Bad girls at sea…the amazing story of Mary Read, Anne Bony and Calico Jack

John Calico Jack Rackham was an English pirate who ravaged the Caribbean shores at the end of the Golden Age. His nickname stemmed from the colorful calico clothes he wore. He is famous for being the only known captain with female crew members and for his skull and crossbones Jolly Roger, nowadays most popular piracy symbols.

Brave blood thirsty ferocious women sailors privateers

Ladies of steel, Mary Read and Anne Bonny


Calico Jack met Anne Bonny in the port of Nassau, in Bahamas. Although Anne was married to an informant for the British government, the two quickly heated off and ran away, thus committing adultery and also voiding Jack’s pardon.

One day, Calico Jack captured a Dutch merchant vessel and its crew that counted the incognito Mary Read.

Mary “Mark” Read was an illegitimate child from England, similar to Anne who was an illegitimate child from Ireland.

Her mother would dress her like a boy to obtain financial support from Mary’s paternal grandmother.

As a teenager, Mary ran away and joined the army, where she fell in love with a soldier. They married and opened an inn in Holland. After her husband died Mary decided to dress like a man and venture at sea.

Not knowing she was a woman, Rackham welcomed Mary Read aboard his ship to join his crew. Anne Bonny started to have feelings for Read.

Fierce female pirate in the 18th century

You should not mess with Mary!


Legend has it that Mary revealed her gender to Anne by exposing her breasts.

The two women became fast friends, and according to some sources, lesbian lovers as well.

Rackham, become jealous and threatened to kill Read. He reportedly burst in the cabin once, finding them partially undressed.

Others say that actually Mary fell in love with a male crew member. Her love was so intense that she defended him with her own life by killing another man in a duel.

Captain “Calico Jack” made a career of plundering small vessels close to the Caribbean coastline. This boldness proved to be his undoing. In the fall of 1720 he cruised near Jamaica, capturing many small fishing boats, and terrorizing locals along the northern coastline.

“Come up, you cowards, and fight like men!…”
Jamaican Governor Woodes Rogers (a former pirate himself!) ordered the capture of Rackham’s ship and crew. The drunken sailors retreated to their cabins after the British soldiers boarded the ship. Mary Read, Anne Bonny, and one unknown pirate stayed on deck attempting to fight off the attack.

Pirates of the Caribbean in 17 and 18 centuries

He died like a dog...hanged, tarred and gibbeted

Mary Read was enraged by the drunken cowardice of the crew and fired her pistol into the cabin, killing a shipmate.

After a mighty struggle, the British officers overtook the crew and brought them to shore to be trialed for piracy.

At Calico Jack’s trial, Anne Bonny was asked to testify on his behalf and she told the court: “If he had fought like a man, he need not have been hanged like a dog.”

Rackham was hanged at Gallows-Point in Port Royal on November 18, 1720. His body tarred, hanged in a cage, and gibbeted on display at main entrance to Port Royal, presently known as Rackham’s Cay.

“Mi’lord, we plead our bellies”
Anne Bonny and Mary Read escaped execution by claiming they were both “quick with child”. Mary died of a terrible fever during childbirth. Anne disappeared from all historical records, spurring much speculation regarding her fate. Some believe her well-connected father bailed her out of jail, and she moved to America and had a family. Others say she returned to piracy.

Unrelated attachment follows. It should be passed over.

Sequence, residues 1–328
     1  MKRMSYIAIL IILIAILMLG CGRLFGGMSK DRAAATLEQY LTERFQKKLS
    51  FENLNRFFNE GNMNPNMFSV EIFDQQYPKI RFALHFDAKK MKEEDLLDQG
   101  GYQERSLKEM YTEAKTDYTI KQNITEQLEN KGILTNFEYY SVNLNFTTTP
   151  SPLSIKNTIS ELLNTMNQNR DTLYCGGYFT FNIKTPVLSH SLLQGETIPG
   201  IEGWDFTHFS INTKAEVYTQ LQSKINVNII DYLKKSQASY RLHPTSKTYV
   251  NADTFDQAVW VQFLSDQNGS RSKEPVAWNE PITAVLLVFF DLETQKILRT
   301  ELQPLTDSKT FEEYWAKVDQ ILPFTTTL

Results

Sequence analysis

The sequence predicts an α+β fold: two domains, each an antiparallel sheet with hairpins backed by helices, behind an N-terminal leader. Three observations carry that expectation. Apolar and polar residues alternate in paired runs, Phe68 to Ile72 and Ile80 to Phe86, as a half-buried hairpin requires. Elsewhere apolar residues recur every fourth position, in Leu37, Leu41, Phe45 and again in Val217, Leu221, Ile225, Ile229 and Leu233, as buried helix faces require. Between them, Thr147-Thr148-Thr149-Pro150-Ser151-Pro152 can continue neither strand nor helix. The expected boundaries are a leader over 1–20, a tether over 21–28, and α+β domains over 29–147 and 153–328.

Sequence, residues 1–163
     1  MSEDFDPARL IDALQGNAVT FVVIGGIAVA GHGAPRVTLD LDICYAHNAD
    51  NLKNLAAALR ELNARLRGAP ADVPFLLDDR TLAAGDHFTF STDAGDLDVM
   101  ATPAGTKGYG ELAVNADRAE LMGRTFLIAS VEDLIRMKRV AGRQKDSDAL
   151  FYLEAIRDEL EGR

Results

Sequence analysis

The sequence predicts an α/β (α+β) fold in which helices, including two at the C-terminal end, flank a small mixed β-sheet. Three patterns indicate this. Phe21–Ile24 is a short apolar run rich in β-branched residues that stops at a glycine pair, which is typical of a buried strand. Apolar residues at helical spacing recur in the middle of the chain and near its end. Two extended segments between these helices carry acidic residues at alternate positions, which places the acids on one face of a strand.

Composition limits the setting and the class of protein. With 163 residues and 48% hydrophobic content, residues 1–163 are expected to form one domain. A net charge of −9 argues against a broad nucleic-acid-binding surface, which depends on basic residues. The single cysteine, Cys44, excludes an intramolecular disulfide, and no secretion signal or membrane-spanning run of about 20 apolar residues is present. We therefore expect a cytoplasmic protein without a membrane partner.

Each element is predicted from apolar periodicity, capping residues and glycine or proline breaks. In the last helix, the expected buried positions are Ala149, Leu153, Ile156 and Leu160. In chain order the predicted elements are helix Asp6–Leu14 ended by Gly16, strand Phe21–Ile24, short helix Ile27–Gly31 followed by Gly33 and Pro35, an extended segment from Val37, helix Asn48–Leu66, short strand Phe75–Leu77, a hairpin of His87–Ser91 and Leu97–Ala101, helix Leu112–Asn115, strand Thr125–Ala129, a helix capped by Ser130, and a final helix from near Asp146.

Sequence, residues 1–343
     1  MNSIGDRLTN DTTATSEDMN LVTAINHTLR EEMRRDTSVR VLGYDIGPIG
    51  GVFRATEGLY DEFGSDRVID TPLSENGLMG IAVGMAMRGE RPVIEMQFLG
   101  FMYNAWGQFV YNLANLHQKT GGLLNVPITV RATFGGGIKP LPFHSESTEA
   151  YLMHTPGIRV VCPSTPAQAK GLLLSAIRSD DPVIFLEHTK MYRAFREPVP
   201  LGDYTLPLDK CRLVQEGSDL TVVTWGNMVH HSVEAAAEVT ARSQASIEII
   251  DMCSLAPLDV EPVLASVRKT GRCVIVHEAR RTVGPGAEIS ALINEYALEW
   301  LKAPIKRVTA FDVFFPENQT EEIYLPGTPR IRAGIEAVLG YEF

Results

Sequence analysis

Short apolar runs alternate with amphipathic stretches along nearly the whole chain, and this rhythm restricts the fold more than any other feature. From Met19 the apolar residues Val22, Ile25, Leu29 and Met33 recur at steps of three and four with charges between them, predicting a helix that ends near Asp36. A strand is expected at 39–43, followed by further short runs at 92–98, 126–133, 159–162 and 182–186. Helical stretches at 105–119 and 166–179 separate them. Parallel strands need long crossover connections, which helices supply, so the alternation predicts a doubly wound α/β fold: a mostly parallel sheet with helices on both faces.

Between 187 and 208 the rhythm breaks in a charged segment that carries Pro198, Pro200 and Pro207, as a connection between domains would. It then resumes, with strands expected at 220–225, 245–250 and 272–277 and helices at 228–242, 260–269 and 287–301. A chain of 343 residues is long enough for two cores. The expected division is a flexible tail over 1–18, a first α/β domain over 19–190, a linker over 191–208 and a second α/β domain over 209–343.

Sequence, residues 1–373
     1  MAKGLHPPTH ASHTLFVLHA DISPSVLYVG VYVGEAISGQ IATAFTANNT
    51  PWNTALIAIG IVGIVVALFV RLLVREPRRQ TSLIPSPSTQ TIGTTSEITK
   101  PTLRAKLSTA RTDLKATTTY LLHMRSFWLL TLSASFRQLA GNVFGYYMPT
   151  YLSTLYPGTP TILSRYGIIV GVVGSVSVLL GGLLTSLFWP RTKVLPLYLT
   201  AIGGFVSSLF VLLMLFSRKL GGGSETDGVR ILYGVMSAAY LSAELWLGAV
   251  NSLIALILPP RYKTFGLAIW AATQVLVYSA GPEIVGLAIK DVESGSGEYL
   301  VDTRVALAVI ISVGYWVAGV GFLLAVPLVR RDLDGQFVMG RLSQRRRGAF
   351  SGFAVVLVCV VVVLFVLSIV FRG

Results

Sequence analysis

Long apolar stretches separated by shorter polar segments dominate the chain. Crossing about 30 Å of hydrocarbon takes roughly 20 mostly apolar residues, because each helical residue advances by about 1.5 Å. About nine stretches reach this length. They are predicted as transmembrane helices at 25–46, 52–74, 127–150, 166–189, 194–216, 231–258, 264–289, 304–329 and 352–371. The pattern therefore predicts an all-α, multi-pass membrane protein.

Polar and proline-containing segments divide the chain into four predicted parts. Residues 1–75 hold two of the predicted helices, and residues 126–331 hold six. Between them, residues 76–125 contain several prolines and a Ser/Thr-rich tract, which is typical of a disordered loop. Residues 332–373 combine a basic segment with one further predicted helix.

Captain Charles Johnson putted best in his book: “What has become of her since, we cannot tell; only this we know, that she was not executed.”

Ready to plunder the high seas? Go to the SC State Museum downtown Columbia and enjoy the blockbuster Pirates, Privateers and Buccaneers exhibit. It runs till January 2011!

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4 Responses

  1. Very interesting story about Anne Bonny and Mary Read. I read elsewhere that Anne Bonny may have moved to South Carolina after being bailed out of jail.

    In any case, I was looking for something fun to do this weekend and a trip to the SC State Museum sounds like a great idea.

    • Hi

      Thanks for commenting on my blog. Yes, I read that as well. Who knows?!…

      Hope you enjoyed your visit to the Pirates exhibit at the State Museum.

      Elena

      • I’ve written a play about Ann and Mary, “Mary of the High Seas” info on the Play’s page of my website. I’m looking for an opportunity to premier it.

        Joel

      • Hi

        Congratulations on your play and thank you for visiting my blog! I’m just a travel enthusiast. May I suggest two possible leads?

        1. Contact the SC State Museum to find out about the “Pirates, Privateers and Buccaneers” exhibit. Who put it together, where is it now… I understand this is a traveling exhibit, going to different museums around the country. Try talking to the museum that will be hosting it next and see if they’ll be willing to showcase your play. I know the SC State Museum (where I saw the exhibit) did several pirate movie nights for visitors.

        SC State Museum Traveling Exhibits Program: (803) 737-4159 or email tep@scmuseum.org

        2. Myrtle Beach will have a new theater attraction starting in June, “Pirates Voyage”. It’s a dinner theater type venue. This may be a very good fit for your play.

        More info at http://www.piratesvoyage.com or (800 433-4401.

        Good luck!
        Elena

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